How the food industry spins science to fit its agenda

    Andy Bellati takes a deep look into how the food industry uses science to help sell it more.

    Scrutiny of food industry practices and unhealthy products has ramped up over the last decade thanks to the tireless work and vigilant eyes of public health and nutrition advocates. While this is good news for the public, it’s not a rosy outlook for the food industry and its bottom line. In an effort to combat these advocacy efforts, the industry has honed two skills: sponsoring research and spinning science.

    Sponsored research provides the food industry with two benefits. First, it creates an opportunity to frame science in a way that is beneficial to their product line and simultaneously deflects criticism. Second, it provides an easy bibliography that the industry can tap into the next time it is criticized. Recently, the Public Library of Science Medicine published a research article titled “Financial Conflicts of Interest and Reporting Bias Regarding the Association between Sugar-Sweetened Beverages and Weight Gain: A Systematic Review of Systematic Reviews.”

    Among the findings:

    “The researchers identified 18 conclusions from 17 systematic reviews that had investigated the association between SSB consumption and weight gain or obesity. In six of these reviews, a financial conflict of interest with a food industry was disclosed. Among the reviews that reported having no conflict of interest, 83.3% of the conclusions were that SSB consumption could be a potential risk factor for weight gain. By contrast, the same percentage of reviews in which a potential financial conflict of interest was disclosed concluded that the scientific evidence was insufficient to support a positive association between SSB consumption and weight gain, or reported contradictory results and did not state any definitive conclusion about the association between SSB consumption and weight gain.”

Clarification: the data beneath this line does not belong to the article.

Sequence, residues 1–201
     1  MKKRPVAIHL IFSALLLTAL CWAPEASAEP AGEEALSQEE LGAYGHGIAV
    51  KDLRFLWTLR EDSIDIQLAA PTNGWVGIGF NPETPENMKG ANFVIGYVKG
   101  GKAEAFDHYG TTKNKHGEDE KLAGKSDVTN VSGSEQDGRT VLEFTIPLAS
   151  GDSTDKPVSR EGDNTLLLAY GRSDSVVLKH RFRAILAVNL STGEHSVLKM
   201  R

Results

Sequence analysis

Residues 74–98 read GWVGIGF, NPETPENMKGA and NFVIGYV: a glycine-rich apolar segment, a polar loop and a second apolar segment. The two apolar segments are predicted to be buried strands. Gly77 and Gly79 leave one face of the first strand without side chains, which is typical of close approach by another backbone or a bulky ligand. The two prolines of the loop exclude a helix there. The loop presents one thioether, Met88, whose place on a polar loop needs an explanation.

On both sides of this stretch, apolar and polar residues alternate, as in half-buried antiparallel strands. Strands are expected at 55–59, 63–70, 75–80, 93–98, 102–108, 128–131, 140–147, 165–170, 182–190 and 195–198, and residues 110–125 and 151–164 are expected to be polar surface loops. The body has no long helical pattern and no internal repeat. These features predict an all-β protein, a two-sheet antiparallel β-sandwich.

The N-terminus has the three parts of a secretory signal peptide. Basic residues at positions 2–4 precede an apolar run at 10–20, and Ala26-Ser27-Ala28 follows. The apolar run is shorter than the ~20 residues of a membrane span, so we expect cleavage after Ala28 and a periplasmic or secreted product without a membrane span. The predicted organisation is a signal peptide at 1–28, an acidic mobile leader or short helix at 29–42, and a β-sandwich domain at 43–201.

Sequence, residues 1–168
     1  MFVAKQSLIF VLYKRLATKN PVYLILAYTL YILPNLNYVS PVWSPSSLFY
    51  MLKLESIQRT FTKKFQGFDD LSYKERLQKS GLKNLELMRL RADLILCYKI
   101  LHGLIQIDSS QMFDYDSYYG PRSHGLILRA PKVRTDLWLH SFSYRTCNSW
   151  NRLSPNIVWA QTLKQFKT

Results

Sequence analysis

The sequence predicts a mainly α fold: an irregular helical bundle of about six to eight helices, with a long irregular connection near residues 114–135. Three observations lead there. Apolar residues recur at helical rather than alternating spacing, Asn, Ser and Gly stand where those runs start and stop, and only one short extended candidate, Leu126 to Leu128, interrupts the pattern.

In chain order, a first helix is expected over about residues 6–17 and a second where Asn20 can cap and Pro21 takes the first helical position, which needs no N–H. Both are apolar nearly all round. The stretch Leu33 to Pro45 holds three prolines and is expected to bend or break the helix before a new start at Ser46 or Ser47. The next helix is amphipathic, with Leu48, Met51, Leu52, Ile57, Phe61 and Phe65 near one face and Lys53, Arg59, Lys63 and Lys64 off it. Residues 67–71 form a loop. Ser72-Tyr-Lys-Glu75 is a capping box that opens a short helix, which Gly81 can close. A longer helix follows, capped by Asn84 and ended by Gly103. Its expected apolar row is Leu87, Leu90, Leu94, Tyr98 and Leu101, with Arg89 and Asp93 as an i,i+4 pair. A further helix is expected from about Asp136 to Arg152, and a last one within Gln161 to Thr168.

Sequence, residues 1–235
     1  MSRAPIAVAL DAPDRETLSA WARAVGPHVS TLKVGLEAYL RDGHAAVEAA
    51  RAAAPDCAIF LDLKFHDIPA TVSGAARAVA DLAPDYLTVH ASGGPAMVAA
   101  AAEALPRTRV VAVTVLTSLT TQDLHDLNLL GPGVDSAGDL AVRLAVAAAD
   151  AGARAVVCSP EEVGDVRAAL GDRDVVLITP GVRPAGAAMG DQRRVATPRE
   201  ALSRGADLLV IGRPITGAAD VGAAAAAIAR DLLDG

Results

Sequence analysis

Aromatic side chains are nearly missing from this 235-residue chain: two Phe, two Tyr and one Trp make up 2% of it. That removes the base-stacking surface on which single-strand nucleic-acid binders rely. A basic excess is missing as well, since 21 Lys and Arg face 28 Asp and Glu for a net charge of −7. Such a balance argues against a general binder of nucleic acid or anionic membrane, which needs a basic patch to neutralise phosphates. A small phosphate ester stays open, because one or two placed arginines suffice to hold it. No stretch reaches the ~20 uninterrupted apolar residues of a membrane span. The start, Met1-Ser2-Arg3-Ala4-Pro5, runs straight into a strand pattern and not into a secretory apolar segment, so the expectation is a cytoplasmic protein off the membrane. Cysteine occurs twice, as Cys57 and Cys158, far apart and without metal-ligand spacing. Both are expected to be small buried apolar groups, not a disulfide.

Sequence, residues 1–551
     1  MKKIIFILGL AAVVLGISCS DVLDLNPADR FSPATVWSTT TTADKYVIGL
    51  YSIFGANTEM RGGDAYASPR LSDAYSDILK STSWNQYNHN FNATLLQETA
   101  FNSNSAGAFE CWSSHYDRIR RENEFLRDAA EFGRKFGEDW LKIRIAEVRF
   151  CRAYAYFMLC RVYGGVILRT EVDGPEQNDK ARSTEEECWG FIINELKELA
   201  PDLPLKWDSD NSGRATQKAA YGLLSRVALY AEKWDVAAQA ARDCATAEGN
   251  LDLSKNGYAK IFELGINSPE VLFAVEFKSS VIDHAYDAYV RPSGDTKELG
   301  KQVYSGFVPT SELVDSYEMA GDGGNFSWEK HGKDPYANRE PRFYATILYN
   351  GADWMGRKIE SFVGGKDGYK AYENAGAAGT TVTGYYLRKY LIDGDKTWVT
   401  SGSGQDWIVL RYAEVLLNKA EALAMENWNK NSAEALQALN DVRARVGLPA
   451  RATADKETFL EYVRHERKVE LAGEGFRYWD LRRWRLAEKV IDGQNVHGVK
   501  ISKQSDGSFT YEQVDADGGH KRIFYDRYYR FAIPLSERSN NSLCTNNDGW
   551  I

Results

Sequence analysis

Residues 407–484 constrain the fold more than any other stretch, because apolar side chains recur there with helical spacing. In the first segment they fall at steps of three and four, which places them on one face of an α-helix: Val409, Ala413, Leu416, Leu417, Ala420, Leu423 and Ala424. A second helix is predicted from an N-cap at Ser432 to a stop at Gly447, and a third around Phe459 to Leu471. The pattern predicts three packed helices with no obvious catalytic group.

The authors found that “systematic reviews that reported financial conflicts of interest or sponsorship from food or drink companies were more likely to reach a conclusion of no positive association between SSB consumption and weight gain than reviews that reported having no conflicts of interest.” More specifically, “systematic reviews with financial conflicts of interest were five times more likely to present a conclusion of no positive association between SSB consumption and obesity than those without them.”

    More importantly, “the interests of the food industry (increased sales of their products) are very different from those of most researchers (the honest pursuit of knowledge).” Consequently, the authors write that “clear guidelines and principles (for example, sponsors should sign contracts that state that they will not be involved in the interpretation of results) need to be established to avoid dangerous conflicts of interest.”

    The spinning and reframing of existing science is just as problematic and pervasive as the funding of new research.

    General Mills’ Bell Institute – which claims to be “committed to supporting the work of health professionals by sponsoring educational efforts and developing not only patient education materials but also continuing education programs to advance the knowledge of health and foodservice professionals” – has plenty of research on whole grains, but conveniently doesn’t address the fact that the company’s whole grain offerings also contain added sugar and are processed to such a degree that they require enrichment and fortification. Whole grain is the first ingredient in General Mills’ Cookie Crisp cereal, but that does not make it comparable to a bowl of oatmeal.